A small crowd gathered in front of the Native Friendship Centre in Joliette, Que, to commemorate the third anniversary of Joyce Echaquan’s death.
Members of the Atikamekw community, advocates and Indigenous leaders marched toward the Joliette hospital where she died, as echoes calling for justice reverberated through the streets, just like it did three years ago.
Echaquan, an Atikamekw mother of seven, died shortly after live-streaming the racist remarks coming from her caretakers at the hospital.
“Today, we wanted to give ourselves a moment of pause, a moment to reflect on Joyce, on the woman she was. What she left us as a legacy and the hole she left in her community because people are still living with the repercussions of her death,” Jennifer Petiquay-Dufresne, the executive director of the Office of Joyce’s Principle, said.
Echaquan’s legacy includes Joyce’s Principle, which aims to guarantee to all Indigenous people the right to equitable treatment in Quebec’s health care system.
Sipi Flamand, chief of the Atikamekw Council of Manawan, said that some gradual progress has been made since Echaquan’s death on Sept. 28, 2020 but emphasized that much more work is still needed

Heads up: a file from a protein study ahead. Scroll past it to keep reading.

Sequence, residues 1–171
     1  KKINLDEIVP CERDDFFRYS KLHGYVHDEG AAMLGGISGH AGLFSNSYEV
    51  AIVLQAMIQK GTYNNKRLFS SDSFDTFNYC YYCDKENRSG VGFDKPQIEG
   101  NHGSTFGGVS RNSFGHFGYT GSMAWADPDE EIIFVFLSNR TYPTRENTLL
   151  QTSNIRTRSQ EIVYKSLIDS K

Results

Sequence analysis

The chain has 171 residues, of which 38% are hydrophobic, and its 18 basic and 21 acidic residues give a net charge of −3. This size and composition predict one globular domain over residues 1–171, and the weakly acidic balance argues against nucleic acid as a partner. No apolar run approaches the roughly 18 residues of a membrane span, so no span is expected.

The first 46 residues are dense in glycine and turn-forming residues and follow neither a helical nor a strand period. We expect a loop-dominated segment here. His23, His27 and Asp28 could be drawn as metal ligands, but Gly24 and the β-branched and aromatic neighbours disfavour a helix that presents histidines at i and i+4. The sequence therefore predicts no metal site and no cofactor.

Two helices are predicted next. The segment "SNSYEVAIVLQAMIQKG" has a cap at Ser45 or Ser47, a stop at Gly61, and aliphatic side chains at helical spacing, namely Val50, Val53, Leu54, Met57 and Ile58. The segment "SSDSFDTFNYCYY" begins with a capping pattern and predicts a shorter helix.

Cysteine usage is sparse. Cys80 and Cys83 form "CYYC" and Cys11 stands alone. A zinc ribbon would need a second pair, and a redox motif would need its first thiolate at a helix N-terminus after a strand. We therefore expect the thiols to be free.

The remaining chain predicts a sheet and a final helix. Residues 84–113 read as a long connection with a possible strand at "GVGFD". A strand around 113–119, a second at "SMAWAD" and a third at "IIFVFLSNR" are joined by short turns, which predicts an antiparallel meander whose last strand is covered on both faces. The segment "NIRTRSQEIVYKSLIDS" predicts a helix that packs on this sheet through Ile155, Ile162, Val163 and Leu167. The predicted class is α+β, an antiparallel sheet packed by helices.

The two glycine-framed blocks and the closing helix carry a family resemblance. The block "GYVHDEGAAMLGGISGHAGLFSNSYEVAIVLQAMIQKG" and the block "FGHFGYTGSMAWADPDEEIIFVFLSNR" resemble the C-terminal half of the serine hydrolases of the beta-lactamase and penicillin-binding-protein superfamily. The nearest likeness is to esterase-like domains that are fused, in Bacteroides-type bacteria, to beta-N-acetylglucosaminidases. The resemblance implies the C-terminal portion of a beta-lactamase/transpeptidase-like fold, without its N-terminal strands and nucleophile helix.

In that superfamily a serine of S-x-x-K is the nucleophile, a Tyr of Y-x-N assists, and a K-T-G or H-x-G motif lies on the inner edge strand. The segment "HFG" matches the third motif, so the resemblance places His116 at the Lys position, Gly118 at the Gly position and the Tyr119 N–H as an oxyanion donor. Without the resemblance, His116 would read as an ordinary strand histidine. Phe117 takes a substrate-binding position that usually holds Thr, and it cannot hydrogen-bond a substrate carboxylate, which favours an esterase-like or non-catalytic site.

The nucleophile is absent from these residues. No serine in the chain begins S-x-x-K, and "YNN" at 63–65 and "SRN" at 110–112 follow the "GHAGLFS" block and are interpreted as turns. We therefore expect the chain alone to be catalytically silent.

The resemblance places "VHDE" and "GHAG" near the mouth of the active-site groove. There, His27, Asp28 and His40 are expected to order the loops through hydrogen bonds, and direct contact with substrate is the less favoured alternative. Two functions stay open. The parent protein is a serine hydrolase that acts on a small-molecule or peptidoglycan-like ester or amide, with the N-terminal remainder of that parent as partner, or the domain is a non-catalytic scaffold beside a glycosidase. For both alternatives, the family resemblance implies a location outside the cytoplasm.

“In relation to the hospital, a reconciliation committee was set up to discuss how to improve care. How we can restore the community’s trust in the Joliette hospital. But again, the issue with the Quebec government is the lack of recognition of systemic racism,” the chief said.
As such, the Quebec government has not adopted Joyce’s Principle, unlike a number of professional medical orders and organizations in the province. It hasn’t acknowledged that systemic racism exists in the province either.
“According to members of my community, it’s worrying to have to go to an institution where a situation has taken place, such as the death of Joyce Echaquan,” Flamand noted.
The chief added that the Joliette hospital, the closest one to the Atikamekw community of Manawan, where Echaquan was from, must continue working towards building trust.
Gisèle Flamand, who is from Manawan but lives in Montreal and attended the march, said that watching Echaquan’s livestream was very painful and heartbreaking.
“The impact is still there. It will always be there if we don’t move forward. If we don’t join hands with non-Indigenous people. That’s what we have to do. We have to walk together to make it right,” she said.
Quebec’s Indigenous Affairs minister, Ian Lafrenière, attended the march but did not speak.
For Marjolaine Étienne, the president of the Quebec Native Women Association, it was important to be present at the commemoration to honour Echaquan.
“On this tragic day, we ensure that we remember what happened to Mrs. Joyce. However, it’s also a time for us to come together and engage in conversation,” Étienne said.